Enemy tactics were sound and well-executed. Contrary to the popular
conception of the enemy as "a screaming horde," the NK and CC Forces were
well-coordinated fighting machines. Enemy attacks showed considerable prior
planning and good judgment for the most part.
... Tactics employed were similar to Western tactics; especially, the old
Patton adage of "holding them by the nose and kicking them in the pants."
Envelopments were widely used. It is believed that air superiority, fire-power, and
mobility of the UN Forces provided the difference between the two forces.
Defensively, the enemy used the same tactics, on the whole, as UN
Forces; namely, that of trading terrain in an effort to gain time and inflict
maximum losses on the opposition.18
Communist soldiers did not get to rotate home after a few months on the line like
the Americans did. They either fought and survived, or they died, so those who were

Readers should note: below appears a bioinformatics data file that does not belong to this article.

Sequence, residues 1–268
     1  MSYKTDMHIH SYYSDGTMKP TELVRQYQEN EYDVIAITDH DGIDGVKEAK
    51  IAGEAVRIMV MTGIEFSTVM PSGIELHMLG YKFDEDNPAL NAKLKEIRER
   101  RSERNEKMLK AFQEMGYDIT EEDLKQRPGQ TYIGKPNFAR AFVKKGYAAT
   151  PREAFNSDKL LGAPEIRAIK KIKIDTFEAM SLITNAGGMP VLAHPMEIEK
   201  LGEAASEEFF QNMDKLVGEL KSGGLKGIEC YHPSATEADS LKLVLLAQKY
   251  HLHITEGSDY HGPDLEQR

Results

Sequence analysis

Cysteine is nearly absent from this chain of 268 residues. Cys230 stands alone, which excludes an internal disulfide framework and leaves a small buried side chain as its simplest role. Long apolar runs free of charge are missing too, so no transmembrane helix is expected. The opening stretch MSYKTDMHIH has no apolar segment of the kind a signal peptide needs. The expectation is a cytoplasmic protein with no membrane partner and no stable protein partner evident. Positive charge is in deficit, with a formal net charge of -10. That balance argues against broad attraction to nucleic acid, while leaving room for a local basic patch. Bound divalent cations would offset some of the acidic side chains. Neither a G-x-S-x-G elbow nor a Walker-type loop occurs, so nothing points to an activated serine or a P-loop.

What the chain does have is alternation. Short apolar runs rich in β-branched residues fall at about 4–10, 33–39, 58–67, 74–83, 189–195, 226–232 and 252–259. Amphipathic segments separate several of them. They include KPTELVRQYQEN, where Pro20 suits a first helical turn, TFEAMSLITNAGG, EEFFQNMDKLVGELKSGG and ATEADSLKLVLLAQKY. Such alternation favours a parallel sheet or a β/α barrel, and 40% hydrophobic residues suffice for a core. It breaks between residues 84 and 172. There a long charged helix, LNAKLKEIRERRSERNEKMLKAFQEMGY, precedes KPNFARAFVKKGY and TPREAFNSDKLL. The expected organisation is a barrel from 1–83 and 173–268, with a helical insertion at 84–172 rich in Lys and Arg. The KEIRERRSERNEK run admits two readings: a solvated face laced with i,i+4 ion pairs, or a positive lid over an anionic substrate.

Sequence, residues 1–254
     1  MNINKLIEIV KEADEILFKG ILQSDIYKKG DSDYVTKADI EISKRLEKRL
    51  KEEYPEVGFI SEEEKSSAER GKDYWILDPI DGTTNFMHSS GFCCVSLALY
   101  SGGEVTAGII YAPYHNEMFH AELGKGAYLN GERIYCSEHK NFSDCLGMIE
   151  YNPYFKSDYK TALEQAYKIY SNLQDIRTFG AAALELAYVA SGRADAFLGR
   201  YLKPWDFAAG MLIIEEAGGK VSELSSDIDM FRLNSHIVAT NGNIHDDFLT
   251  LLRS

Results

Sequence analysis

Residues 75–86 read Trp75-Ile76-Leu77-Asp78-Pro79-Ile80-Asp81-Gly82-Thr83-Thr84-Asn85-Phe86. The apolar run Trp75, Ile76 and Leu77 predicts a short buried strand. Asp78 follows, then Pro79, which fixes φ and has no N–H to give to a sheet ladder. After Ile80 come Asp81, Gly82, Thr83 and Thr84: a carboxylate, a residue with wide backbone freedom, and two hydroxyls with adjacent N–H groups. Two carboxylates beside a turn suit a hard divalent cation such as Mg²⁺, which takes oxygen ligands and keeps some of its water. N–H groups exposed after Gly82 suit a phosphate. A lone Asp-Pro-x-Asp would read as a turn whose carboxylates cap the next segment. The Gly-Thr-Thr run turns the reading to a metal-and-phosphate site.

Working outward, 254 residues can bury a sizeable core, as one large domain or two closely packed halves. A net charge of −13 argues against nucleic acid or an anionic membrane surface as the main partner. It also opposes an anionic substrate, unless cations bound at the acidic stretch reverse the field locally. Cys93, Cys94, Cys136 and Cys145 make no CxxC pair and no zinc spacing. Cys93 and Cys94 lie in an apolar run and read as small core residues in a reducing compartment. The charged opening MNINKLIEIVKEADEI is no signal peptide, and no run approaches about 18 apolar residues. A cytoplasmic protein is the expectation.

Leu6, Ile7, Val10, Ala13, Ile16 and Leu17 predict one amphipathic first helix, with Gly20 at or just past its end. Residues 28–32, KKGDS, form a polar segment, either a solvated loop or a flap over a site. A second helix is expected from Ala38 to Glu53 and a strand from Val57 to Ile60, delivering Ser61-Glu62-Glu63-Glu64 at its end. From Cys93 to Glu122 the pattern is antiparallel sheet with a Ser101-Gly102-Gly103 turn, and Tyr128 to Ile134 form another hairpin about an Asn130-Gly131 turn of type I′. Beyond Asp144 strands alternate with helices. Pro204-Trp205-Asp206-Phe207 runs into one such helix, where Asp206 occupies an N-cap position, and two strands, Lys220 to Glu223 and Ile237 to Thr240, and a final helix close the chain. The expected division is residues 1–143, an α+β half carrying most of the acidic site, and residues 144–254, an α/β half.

veterans had much experience to draw on. The NKPA was known for outstanding
camouflage discipline, brought on as a necessity to avoid being spotted from the air.
Both his positions and his personnel were very difficult to see if not silhouetted by a
skyline, or in some other manner breaching that camouflage discipline. "They have
been forced to perfect this skill as a direct result of a lack of air support."19
The NKPA enemy used counterattacks extensively and according to his doctrine.
"North Korean defensive doctrine holds that only a well-timed and determined
counterattack can achieve eventual victory in a defensive situation. Commanders of
smaller subordinate units are therefore encouraged to launch continuous small-scale
counterattacks against penetrations in their sector. . . ." The counterattacks were "an
integral part of their defensive system and were used for various purposes: (1) to blunt
* Headquarters EUSAK, "Enemy Tactics," 128.
19 U. S. IX Corps, "Enemy Tactics, Techniques, and Doctrine," 6.
Montandon, Joshua W.. Battle for the Punchbowl: The U. S. 1st Marine Division 1951 Fall Offensive of the Korean War. Denton, Texas. UNT Digital Library. http://digital.library.unt.edu/ark:/67531/metadc3938/. Accessed May 21, 2013.